Nigel Cheshire

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Scrum: Article

Never Mind the Quality, Feel the Width!

This was the title of a British TV sitcom in the late 60's

Never Mind the Quality, Feel the Width" was the title of a British TV sitcom in the late 60's (yes, I really am that old), which has nothing to do with Java software development. Or does it?

The more I talk to people about the issue of Java software quality, the more I am reminded of the name of that seemingly ridiculous TV show. It seems to me that however much we talk about the need for quality in software development, it's an issue that takes a backseat to the "width" - by which I mean the number of feature requests that get crammed into our development projects.

Many years ago, I worked for a company called Data General. Anyone with more than one or two gray hairs may remember DG as a minicomputer manufacturer (guess what - before Eclipse was an open source IDE, it was the name of a minicomputer made by DG). DG finally passed away in 1999, when what was left of it was acquired by EMC Corporation, but many people remember that back in the '80s, DG had quite a reputation for innovation, as captured in the 1981 book by Tracy Kidder, Soul of a New Machine.

Anyhow, the point of all this reminiscing is to illustrate that, back when I worked in the software R&D group at DG, we took software quality seriously. If we found a bug in a released software application, we'd run around like crazy until we fixed it, and send out a patch (a real patch, back in those days) to fix the problem, pronto.

Once I left DG in 1989, and moved into the wacky world of Windows/386, I was astonished at how buggy released software could be. That was my introduction to the great quality/feature tradeoff debate, and it's fascinating to me that today, almost 20 years later, that issue still exists.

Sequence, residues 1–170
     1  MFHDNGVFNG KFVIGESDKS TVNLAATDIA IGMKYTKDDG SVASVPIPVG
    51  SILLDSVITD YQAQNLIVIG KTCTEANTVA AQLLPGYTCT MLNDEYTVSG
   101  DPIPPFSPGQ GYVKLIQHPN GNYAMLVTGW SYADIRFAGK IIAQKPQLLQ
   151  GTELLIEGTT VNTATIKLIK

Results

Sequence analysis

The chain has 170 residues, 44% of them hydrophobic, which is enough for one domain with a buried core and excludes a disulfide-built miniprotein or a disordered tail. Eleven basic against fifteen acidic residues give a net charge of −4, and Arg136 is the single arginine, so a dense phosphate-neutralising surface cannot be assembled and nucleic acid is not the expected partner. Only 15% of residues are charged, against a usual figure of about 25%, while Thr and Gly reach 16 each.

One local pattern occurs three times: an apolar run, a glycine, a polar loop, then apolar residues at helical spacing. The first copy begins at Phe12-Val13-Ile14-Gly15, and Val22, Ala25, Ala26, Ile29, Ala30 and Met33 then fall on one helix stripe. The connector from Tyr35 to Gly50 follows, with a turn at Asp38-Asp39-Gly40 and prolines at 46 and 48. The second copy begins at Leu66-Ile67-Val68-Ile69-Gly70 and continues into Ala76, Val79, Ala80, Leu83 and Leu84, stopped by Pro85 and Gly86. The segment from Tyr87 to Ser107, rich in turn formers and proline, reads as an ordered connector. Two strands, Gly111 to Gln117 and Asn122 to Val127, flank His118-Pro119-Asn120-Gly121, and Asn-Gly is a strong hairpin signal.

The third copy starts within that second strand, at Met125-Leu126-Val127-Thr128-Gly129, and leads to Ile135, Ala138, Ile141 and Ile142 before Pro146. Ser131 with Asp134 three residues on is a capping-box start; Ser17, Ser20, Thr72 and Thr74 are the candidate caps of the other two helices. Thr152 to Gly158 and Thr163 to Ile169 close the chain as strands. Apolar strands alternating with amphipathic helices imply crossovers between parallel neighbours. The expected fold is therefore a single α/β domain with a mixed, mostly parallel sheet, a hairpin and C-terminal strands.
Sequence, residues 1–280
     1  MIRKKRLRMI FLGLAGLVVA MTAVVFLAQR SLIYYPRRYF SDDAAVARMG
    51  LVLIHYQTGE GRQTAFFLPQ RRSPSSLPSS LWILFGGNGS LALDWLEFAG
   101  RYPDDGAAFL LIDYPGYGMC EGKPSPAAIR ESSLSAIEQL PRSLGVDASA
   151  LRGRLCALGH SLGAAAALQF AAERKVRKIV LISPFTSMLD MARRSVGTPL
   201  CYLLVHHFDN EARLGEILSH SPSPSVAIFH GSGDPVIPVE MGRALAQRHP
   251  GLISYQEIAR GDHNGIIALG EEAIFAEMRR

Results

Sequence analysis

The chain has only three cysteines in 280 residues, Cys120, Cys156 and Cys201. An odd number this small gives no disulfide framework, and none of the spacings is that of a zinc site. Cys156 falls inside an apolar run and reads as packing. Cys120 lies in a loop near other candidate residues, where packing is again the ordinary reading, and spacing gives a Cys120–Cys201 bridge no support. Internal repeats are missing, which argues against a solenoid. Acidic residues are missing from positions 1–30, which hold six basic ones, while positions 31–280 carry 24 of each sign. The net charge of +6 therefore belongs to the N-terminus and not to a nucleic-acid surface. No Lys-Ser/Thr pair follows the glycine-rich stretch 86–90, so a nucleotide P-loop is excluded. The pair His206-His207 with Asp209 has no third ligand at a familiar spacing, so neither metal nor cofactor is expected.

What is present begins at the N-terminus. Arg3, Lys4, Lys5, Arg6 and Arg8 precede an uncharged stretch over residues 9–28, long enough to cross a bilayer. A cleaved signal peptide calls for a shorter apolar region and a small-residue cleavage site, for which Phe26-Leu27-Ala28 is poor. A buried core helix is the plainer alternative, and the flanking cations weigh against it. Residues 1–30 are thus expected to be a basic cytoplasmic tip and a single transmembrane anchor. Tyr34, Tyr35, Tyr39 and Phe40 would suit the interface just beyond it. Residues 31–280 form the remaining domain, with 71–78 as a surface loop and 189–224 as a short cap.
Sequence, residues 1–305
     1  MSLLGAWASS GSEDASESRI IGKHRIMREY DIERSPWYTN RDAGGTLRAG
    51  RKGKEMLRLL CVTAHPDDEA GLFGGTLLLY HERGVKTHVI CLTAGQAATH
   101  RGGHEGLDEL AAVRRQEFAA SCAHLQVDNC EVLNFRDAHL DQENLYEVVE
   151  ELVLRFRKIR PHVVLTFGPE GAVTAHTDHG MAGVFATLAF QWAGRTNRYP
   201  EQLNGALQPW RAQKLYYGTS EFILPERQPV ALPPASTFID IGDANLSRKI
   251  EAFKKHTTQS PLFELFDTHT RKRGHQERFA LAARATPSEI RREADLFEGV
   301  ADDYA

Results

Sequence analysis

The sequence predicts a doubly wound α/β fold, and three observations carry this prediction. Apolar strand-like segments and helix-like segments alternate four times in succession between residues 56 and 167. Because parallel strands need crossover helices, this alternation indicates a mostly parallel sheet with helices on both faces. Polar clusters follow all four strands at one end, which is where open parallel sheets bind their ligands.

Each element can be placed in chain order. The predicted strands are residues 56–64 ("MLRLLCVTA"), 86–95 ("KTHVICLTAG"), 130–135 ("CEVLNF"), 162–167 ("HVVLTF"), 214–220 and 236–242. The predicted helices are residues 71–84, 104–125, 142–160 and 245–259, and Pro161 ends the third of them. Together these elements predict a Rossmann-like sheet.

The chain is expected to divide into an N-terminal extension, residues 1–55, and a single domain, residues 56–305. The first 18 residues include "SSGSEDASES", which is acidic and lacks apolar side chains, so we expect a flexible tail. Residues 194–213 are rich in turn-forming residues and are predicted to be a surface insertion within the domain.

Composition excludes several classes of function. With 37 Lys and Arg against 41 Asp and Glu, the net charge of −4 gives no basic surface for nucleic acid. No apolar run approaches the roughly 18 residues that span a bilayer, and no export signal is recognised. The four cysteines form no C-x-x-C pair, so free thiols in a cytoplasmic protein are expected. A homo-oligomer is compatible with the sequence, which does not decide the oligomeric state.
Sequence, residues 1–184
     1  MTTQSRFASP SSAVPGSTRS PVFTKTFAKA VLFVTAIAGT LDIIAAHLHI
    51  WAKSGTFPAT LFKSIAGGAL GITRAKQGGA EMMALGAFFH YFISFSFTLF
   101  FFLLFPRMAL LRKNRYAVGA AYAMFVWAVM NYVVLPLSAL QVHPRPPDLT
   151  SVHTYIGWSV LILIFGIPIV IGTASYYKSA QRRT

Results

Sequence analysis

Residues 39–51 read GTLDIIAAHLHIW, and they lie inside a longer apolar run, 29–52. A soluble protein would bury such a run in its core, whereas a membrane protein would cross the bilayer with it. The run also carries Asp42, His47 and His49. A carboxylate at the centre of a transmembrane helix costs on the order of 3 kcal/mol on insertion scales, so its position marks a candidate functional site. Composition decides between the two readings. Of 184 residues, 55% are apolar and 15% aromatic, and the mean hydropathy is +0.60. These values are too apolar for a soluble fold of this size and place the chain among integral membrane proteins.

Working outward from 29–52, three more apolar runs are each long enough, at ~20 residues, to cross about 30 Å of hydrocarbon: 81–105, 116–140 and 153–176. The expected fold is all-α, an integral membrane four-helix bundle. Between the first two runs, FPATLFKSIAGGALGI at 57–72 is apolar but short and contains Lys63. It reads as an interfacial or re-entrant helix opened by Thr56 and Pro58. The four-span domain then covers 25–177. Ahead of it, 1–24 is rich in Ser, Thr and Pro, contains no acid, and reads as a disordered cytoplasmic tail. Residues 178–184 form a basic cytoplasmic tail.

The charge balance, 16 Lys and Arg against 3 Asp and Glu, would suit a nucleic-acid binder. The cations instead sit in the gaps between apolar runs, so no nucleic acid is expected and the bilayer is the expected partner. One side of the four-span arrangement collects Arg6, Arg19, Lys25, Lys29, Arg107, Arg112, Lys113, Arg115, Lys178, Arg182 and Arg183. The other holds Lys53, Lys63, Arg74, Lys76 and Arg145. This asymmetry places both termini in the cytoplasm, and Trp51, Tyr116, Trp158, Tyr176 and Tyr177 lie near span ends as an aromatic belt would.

Joe Winchester wrote a nice piece about quality versus features in January's JDJ; just a single page, that you could easily have flipped past if you weren't looking for it, but good stuff. Joe was mostly talking about usability in his piece, but that's just as much a part of software quality as bugginess. "It disheartens me," he said, "that the basic task of analyzing, understanding, and tooling for the user's most simple scenarios have been overtaken by an obsession to cram as much functionality as possible into the hardware."

In my own company, we spend a lot of time talking to people in the software industry about quality issues. When I first started out in this area, the biggest mistake I made was assuming that people at senior levels of management would be deeply concerned about the quality of the software being written in their companies. How wrong was I about that! It's not that people don't care about software quality; it's that the people who care, for the most part, are developers, technical managers, and architects, who don't necessarily have the power to bring the necessary resources to bear on solving the problem.

And these people are frustrated that they can't do more to improve quality practices, because at higher levels in the organization, or in the lines of business, there are often low expectations of the IT group's performance.